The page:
Babies Born Addicted to Opiates On The Rise: Are Doctors To Blame?
Most women are aware of the dangers associated with alcohol and illicit drug use during pregnancy, but many may not know that prescription pain medications, such as Oxycodone and Vicodin, also pose dangerous risks including possible birth defects and painful syndromes affecting newborns.
A recent study published in The Journal of the American Medical Association (JAMA), indicates that the number of babies born addicted to opiates, including prescription pain relievers, tripled from the year 2000 to the year 2009.
Neonatal Abstinence Syndrome
According to the lead author of the study, Stephen W. Patrick, MD, MPH, a child born every hour of every day is born with what’s known as neonatal abstinence syndrome-a condition where babies experience the effects of withdraw from the mother’s use of opiates.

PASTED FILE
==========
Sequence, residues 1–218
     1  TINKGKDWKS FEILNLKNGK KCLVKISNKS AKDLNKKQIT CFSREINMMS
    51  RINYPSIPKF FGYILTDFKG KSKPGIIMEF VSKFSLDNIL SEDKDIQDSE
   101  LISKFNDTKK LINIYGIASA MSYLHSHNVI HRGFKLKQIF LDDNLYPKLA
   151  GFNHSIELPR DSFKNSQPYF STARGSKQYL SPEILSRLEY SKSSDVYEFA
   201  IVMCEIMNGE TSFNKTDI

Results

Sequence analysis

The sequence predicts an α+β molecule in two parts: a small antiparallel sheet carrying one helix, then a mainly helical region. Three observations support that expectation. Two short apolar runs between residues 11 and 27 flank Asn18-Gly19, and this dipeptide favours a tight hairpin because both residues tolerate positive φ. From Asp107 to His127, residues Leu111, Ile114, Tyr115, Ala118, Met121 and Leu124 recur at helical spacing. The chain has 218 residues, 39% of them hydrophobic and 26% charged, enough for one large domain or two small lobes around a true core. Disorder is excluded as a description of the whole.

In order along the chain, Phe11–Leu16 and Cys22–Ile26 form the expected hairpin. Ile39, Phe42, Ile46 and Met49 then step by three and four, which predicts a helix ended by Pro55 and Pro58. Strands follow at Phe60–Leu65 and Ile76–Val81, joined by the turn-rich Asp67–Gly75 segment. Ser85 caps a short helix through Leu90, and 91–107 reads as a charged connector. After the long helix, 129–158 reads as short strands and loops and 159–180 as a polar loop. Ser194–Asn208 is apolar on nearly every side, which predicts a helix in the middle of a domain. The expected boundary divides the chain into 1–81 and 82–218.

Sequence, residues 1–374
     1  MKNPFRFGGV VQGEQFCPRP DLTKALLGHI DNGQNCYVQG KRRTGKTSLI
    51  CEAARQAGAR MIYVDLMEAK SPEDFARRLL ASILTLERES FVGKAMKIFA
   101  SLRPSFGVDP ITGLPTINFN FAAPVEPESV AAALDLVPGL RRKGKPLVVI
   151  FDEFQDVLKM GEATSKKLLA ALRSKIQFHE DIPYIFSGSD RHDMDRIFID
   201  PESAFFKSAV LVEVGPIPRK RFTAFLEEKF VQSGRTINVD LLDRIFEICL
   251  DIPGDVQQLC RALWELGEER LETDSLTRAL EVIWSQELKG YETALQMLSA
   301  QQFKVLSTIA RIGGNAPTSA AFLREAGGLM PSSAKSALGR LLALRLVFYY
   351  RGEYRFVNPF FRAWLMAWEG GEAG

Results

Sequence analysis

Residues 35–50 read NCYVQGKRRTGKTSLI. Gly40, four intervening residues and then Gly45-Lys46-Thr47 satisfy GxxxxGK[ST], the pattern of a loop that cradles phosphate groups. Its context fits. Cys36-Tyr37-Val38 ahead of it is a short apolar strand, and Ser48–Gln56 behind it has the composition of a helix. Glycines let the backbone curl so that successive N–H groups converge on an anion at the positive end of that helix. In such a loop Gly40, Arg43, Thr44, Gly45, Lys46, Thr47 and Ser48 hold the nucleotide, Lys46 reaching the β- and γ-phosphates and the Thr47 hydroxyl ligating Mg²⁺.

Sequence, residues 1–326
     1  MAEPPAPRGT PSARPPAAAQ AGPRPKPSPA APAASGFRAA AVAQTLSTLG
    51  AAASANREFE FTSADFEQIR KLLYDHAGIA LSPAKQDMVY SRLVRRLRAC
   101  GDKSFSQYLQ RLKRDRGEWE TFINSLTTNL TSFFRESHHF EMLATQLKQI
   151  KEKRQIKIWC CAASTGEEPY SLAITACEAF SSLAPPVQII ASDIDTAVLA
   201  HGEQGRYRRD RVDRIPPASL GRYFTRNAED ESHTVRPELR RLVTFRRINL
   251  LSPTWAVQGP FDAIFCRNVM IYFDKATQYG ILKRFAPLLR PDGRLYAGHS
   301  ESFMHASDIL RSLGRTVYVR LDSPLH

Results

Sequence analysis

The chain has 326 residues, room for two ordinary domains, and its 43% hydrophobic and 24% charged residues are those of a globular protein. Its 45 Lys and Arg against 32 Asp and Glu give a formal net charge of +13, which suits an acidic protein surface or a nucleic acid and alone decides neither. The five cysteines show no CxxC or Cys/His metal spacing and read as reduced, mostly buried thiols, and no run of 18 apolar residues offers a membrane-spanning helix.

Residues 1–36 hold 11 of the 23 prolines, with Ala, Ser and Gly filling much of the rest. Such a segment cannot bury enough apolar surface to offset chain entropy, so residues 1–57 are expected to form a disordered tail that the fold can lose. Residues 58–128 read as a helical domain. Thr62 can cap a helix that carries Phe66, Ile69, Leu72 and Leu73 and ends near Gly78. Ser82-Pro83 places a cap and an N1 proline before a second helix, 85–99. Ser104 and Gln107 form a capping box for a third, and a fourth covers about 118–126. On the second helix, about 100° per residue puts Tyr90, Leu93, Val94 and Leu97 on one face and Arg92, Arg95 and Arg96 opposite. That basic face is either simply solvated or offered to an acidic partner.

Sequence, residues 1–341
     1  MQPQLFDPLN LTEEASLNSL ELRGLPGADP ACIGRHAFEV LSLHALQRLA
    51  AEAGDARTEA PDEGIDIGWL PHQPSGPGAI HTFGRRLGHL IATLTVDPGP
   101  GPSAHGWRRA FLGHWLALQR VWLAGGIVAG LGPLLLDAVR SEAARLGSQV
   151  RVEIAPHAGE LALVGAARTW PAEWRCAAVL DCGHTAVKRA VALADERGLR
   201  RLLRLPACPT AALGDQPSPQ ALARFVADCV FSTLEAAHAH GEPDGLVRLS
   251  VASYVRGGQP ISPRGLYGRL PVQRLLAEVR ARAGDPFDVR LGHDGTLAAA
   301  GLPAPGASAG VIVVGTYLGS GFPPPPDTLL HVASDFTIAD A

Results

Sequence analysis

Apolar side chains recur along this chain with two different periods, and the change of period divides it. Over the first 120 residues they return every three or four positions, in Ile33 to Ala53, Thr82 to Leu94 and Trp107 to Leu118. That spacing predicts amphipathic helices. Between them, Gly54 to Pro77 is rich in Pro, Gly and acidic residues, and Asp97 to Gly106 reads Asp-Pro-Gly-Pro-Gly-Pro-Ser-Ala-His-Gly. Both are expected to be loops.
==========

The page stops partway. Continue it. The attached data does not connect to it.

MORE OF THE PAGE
Babies with neonatal abstinence syndrome often have difficulty breathing, endure high fevers and terrible bouts of diarrhea, have low birth weights, and have difficulty feeding. In severe cases, they can experience seizures.
The main treatment for babies with the syndrome involves isolating them in rooms with low-light and little noise while also giving them extra physical attention. Some babies, however, will need to be weaned off the opiates by giving them special doses of morphine or methadone over a period of weeks or months.
Prescription Drug Misconception
One potential factor in the increase in opiate use by pregnant mothers is the misconception that prescription painkillers are safe since they have been prescribed by doctors and are made by legal, regulated pharmaceutical companies.
The study authors say that some doctors may also be misinformed about the potential problems with opiate painkillers, and, therefore, overprescribe them.
According the various health professionals, primary care doctors should take more precaution when prescribing these drugs making sure to ask plenty of questions about their patients’ drug use-prescription or otherwise, and the effects of these drugs on pregnant women and those who could become pregnant.